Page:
Don’t believe the myth that toads can give you warts. The truth is that toads get warts from humans; humans don’t get warts from toads. Toads need to be handled with plastic gloves because any bacteria on human hands can get into their skin and give them skin sores. There are aquatic toads and terrestrial toads and several species within each type of toad. Be sure to find out the name of your toad and research specific needs and likes/dislikes before deciding to purchase one or adopt one that was captured in the wild.

Common Characteristics

  • Size: 1 to 20 pounds
  • Lifespan: 6 to 15 years
  • Primarily suited for indoors


Common Reasons for Surrender

While a reptile can be sick for months, by the time an amphibian’s symptoms are visible to the human eye, he is already close to death. Most of the time toads are not surrendered because once they get sick they die quickly. Other times, people think of a toad as “disposable” and easily replaced, so they are rarely taken to a reptile rescue.


Contrary to popular belief, the toad does not hop—he walks. They can actually be endearing with a pop of personality and, because beauty is in the eye of the beholder, some toad owners say their toad “has the cutest little face.”


The toad is not a pet that sits on your lap or fetches your newspaper. But she will watch you because you are the one with the food.


The toad is an insectivore that likes waxworms, mealworms, and crickets. However, some toads will also eat turtle pellets and be satisfied with an occasional nightcrawler as a treat. The toad will not chew her food, but swallow it whole. An aquatic toad doesn’t get thirsty because her water supply soaks into her skin. The “land toad” will need a shallow water bowl, which she will certainly use as a bath at times. Toads like to hop in and out of their water dish and can drag bacteria into their drinking water.


Because toads need sunshine, you may want to take your toad outside on a sunny day. Although the toad can enjoy being handled, remember that you need to use plastic gloves when handling your toad.

  Possible Health Issues

An aquatic toad has very sensitive skin and needs to be handled with gloves. The bacteria on your fingers can be harmful and even deadly to the toad.


You can make a home for your toad in a ten-gallon fish tank using a screen on top. An aquatic toad needs fresh filtered water (not tap water) and possibly lily pads on top of the water where they can rest. You will basically set up a tank for an aquatic toad much as you would set up a fish tank. If you have an aquatic newt or toad, you need a weak ultraviolet light source. Be sure to place a weak ultraviolet light inside at about two percent strength. The toad needs UV light (not a heat lamp) for her bones. Terrestrial (land) toads generally like a home’s room temperature and you may use a puppy pad on the bottom of the tank for easy cleanup. On hot summer days, you may need to place wet cold towels over the tank to keep it cool inside. Both aquatic and terrestrial toads will want plastic plants to hide under, and the tank should be misted with a spray bottle daily. Be sure to purchase your plants at a pet store as other plastic plants can exude a toxin that will kill amphibians and reptiles.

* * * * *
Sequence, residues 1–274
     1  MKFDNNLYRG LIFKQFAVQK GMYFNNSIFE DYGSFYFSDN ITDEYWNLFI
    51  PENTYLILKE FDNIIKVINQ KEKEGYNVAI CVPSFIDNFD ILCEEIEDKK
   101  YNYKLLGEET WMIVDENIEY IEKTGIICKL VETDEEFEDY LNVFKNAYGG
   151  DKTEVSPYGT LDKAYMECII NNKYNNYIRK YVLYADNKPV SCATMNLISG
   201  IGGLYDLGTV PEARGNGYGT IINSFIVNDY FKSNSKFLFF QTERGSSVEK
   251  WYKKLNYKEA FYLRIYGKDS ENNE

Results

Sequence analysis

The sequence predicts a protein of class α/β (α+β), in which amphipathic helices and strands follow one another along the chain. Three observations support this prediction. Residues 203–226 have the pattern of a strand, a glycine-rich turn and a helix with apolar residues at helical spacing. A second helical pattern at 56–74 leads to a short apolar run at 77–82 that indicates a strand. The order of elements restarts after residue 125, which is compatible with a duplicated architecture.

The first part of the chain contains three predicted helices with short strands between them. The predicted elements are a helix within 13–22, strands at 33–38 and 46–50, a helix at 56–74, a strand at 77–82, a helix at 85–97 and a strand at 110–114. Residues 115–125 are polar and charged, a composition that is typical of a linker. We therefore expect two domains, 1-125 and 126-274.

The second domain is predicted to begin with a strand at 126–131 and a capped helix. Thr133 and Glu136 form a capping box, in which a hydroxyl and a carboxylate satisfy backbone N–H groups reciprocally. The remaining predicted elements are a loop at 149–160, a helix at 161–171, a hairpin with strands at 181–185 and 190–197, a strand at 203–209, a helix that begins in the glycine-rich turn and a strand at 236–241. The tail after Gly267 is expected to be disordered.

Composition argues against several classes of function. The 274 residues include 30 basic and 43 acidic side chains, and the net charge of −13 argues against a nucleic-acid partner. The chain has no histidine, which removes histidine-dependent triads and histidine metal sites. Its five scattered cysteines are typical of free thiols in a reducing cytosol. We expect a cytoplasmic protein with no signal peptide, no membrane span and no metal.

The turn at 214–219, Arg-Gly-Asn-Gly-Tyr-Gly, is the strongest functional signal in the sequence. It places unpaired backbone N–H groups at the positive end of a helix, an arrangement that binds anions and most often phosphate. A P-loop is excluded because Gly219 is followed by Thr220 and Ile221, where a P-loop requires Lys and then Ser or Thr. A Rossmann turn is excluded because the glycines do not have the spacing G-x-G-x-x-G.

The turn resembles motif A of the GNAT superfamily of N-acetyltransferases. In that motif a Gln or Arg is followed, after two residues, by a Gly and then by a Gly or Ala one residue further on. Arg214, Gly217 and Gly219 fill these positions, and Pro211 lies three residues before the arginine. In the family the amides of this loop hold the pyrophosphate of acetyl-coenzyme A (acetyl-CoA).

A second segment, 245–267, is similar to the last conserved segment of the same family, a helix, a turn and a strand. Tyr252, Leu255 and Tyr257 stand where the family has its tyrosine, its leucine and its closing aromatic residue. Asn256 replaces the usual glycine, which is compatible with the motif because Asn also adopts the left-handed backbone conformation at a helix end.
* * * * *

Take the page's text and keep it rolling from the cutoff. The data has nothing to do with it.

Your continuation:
Aquatic toads will need fresh filtered water much like a fish needs fresh filtered water. Don’t set the water filter on high or you could pull the toad into the filter. Clean up can be made easier for terrestrial toads if you use a disposable puppy pad (found in pet stores) on the bottom of the tank and remove the old and replace it with a fresh puppy pad every two or three days.


The toad cannot be trained to do tricks, but you can put on your gloves and take him out once or twice a day for a few minutes so he gets used to being with you. At some point, he may hop onto your hand when you put it into the tank.


A toad is a toad is a toad! If you provide the right habitat, your toad will enjoy his life (in the water or on land) and entertain himself without special toys.                                                                                        

We want to thank Reptile and Amphibian Rescue of Los Angeles, California, for help with this profile.

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